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LOUISVILLE, Ky. – The Louisville lead was dissolving, down to two points, and the KFC Yum! Center went into active panic mode.
The Cardinals had led hated rival Kentucky by 17 just a few minutes earlier, seemingly on their way to a thorough mauling of the nemesis that had beaten them four straight times. But then the resilient Wildcats started making 3-pointers, and Louisville mainstays Peyton Siva and Gorgui Dieng had four fouls each, and suddenly the joy had been sucked out of the packed 22,000-seat arena and replaced with a gnawing dread for all in red.
Could Louisville really blow this?
Russ to the rescue.
With the score 63-61, the irrepressible/uncontrollable/indescribable Russ Smith barged into the spotlight. He drew a foul from Kentucky’s Ryan Harrow and made two free throws. Then he fouled Archie Goodwin, who made the first and missed the second free throw. Then he grabbed the rebound of Goodwin’s miss, blasted off for the other end of the court, quick-fired a jumper that missed, sprinted to get the rebound and kissed in a bank shot. Elapsed time: 46 seconds. The Louisville lead expanded to five, and panic subsided.
The only other time Kentucky got within one possession was at 77-74 in the final 35 seconds. Smith responded with a free throw for a four-point lead, and Louisville hung on for an 80-77 victory.
Welcome to the Russ Smith Variety Show.
It's part drama, part comedy. It is part audacity, part insanity. It’s an undersized and under-recruited junior guard making clutch plays few prep All-Americans would dare attempt, and also making foolish decisions that high-schoolers would know better than to try. It was 21 points and 20 shots – and several of those shots helped facilitate Kentucky’s comeback. It was seven rebounds for a spindly 6-foot-1 guard, three assists, three steals and three turnovers. It was the usual action-packed 30 minutes of playing time.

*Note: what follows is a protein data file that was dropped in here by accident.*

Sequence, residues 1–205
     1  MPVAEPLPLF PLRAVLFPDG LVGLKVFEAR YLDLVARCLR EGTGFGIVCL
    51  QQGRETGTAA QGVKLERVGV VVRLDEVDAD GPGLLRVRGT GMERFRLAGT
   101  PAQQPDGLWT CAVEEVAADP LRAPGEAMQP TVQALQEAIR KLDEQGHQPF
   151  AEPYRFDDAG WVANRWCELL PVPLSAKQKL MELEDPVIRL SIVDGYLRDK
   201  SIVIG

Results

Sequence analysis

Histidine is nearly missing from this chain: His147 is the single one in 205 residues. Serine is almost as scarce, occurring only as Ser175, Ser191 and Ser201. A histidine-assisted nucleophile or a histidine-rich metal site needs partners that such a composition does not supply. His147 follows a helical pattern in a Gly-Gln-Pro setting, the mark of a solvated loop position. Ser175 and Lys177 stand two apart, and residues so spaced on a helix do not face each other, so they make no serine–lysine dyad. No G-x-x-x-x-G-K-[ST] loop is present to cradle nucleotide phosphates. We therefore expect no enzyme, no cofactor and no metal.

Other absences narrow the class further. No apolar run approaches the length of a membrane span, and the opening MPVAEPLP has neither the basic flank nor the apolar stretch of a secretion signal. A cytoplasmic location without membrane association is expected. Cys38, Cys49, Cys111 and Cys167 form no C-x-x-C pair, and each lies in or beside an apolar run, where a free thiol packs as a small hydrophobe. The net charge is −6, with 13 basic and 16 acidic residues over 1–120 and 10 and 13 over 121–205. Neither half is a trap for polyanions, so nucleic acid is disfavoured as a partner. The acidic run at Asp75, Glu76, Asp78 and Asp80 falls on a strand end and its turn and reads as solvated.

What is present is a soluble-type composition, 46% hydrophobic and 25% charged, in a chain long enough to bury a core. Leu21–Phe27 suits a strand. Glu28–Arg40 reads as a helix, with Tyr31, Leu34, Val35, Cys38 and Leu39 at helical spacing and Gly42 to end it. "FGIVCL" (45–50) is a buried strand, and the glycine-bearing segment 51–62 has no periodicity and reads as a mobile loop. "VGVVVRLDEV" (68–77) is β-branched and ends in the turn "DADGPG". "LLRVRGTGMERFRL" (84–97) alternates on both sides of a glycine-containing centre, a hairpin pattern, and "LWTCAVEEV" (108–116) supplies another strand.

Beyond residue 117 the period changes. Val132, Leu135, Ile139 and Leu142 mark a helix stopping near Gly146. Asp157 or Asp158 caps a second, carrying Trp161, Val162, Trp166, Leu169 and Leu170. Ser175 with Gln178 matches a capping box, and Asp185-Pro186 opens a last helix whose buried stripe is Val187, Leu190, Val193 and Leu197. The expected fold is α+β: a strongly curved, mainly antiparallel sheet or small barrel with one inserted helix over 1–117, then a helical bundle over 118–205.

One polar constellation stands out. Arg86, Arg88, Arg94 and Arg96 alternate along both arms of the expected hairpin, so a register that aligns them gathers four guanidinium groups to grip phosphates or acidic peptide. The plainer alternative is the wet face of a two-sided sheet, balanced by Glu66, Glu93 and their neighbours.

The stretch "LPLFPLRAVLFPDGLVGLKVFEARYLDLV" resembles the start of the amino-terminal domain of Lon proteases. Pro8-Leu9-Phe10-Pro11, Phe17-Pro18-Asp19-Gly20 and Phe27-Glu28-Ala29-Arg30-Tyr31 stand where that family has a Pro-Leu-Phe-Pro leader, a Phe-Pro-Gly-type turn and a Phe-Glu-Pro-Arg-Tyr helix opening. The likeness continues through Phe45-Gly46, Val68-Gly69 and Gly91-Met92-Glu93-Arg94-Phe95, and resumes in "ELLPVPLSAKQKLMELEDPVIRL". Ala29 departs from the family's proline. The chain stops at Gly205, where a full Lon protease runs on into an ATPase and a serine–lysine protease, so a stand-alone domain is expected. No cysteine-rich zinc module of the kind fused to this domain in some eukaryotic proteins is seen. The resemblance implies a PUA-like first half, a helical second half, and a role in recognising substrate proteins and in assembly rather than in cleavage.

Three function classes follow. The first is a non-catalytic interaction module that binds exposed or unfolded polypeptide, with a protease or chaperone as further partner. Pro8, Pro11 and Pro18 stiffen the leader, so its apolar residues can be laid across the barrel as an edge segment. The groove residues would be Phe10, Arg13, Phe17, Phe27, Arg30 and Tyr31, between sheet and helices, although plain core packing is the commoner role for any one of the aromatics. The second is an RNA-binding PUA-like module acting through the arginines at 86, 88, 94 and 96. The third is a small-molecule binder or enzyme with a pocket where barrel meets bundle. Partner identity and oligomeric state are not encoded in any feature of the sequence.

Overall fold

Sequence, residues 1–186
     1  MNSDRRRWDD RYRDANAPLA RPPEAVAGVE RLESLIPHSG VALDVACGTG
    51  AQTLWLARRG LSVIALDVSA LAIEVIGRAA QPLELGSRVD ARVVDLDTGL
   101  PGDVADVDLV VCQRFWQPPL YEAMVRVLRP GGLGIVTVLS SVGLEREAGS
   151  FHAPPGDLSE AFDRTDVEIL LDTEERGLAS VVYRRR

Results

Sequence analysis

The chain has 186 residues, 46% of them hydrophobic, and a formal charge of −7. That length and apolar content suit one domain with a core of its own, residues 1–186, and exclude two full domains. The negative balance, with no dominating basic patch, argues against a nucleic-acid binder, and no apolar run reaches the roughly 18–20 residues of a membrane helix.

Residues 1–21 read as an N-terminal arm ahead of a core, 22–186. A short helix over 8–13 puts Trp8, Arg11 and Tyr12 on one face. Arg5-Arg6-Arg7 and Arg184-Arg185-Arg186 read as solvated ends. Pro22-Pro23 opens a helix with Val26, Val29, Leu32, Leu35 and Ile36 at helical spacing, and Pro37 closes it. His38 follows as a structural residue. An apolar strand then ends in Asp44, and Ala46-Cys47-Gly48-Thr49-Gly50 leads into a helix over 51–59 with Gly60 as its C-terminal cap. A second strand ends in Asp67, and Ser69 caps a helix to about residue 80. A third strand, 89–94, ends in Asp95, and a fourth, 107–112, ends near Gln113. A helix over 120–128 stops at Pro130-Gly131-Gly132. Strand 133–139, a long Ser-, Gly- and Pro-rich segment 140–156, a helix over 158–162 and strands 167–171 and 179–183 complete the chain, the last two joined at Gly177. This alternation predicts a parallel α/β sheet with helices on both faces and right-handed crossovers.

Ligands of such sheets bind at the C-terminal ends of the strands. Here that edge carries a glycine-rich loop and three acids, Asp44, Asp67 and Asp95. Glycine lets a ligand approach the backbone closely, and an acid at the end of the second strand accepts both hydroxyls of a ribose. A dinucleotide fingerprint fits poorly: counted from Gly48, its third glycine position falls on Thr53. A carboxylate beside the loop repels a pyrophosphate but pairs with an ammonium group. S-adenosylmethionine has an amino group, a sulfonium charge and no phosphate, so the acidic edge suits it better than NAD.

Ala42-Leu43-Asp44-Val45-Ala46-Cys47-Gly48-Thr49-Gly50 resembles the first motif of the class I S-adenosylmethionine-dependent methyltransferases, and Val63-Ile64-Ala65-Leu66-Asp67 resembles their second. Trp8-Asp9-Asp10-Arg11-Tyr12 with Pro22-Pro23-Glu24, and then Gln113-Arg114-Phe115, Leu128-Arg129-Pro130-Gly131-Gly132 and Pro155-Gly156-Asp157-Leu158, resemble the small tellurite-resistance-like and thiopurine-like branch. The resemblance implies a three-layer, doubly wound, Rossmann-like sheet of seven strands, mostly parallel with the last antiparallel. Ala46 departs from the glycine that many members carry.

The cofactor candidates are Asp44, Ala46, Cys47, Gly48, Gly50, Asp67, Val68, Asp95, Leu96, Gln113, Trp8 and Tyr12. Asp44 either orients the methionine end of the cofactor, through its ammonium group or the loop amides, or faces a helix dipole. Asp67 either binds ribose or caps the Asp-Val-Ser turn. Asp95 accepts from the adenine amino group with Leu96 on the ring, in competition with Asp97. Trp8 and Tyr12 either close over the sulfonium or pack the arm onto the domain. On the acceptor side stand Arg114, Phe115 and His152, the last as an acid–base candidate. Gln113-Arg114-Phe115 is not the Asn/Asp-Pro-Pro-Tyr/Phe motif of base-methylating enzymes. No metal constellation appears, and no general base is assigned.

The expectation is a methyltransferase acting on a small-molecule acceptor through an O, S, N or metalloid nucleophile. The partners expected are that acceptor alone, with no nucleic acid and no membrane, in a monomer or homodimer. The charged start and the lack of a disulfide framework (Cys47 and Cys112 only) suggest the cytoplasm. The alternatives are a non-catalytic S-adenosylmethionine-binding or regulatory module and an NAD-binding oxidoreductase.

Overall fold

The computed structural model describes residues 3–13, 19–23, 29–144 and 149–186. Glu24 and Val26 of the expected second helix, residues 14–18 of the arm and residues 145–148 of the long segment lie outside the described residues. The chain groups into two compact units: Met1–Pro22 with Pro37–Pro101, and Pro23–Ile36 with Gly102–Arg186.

You take the good with the bad with Russ Smith, and you take that total package in bulk.
“He’s out of his freakin’ mind,” Rick Pitino said.
And he said it with love. Because the improbable rise of Russ Smith as a s-s-s-star (hard to type with a straight face) has keyed everything Louisville has done last March and so far this season.
So, Russ, are you really out of your freakin’ mind?
“Um, probably so,” he said with a chuckle. “You would have to coach me to find out.”
Coaching Russ will either be the death of Pitino or the catalyst that takes him to a seventh Final Four and possibly a second national title. It’s a joy and a trial, an exercise in patience and a testament to trust – Pitino has to know in his gut that the good plays will outweigh the bad by game’s end.
“We have one of the premier players in the country,” Pitino said, “and he wasn’t even recruited.”
Not by the Big East, at least, the league that always scours Smith’s hometown of Brooklyn for talent. It took the endorsement of longtime Pitino friend and former assistant Ralph Willard for Louisville to offer him a scholarship, and after half a season here it appeared to be a mistake.